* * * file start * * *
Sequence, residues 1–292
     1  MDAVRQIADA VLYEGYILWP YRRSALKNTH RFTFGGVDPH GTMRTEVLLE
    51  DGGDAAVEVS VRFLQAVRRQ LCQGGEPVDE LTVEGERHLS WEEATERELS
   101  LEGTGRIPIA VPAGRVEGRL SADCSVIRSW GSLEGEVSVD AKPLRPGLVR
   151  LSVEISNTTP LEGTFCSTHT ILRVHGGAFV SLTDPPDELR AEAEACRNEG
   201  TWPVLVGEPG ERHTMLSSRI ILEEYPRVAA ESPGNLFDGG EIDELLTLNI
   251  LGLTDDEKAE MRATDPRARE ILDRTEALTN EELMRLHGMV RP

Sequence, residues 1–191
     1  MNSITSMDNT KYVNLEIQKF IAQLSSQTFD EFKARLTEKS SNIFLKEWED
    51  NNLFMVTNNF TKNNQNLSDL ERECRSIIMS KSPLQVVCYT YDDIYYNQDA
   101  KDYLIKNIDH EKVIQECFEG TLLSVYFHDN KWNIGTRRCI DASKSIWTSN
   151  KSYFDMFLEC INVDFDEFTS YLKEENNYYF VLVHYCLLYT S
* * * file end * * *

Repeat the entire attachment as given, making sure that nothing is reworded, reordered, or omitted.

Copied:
Sequence, residues 1–292
     1  MDAVRQIADA VLYEGYILWP YRRSALKNTH RFTFGGVDPH GTMRTEVLLE
    51  DGGDAAVEVS VRFLQAVRRQ LCQGGEPVDE LTVEGERHLS WEEATERELS
   101  LEGTGRIPIA VPAGRVEGRL SADCSVIRSW GSLEGEVSVD AKPLRPGLVR
   151  LSVEISNTTP LEGTFCSTHT ILRVHGGAFV SLTDPPDELR AEAEACRNEG
   201  TWPVLVGEPG ERHTMLSSRI ILEEYPRVAA ESPGNLFDGG EIDELLTLNI
   251  LGLTDDEKAE MRATDPRARE ILDRTEALTN EELMRLHGMV RP

Sequence, residues 1–191
     1  MNSITSMDNT KYVNLEIQKF IAQLSSQTFD EFKARLTEKS SNIFLKEWED
    51  NNLFMVTNNF TKNNQNLSDL ERECRSIIMS KSPLQVVCYT YDDIYYNQDA
   101  KDYLIKNIDH EKVIQECFEG TLLSVYFHDN KWNIGTRRCI DASKSIWTSN
   151  KSYFDMFLEC INVDFDEFTS YLKEENNYYF VLVHYCLLYT S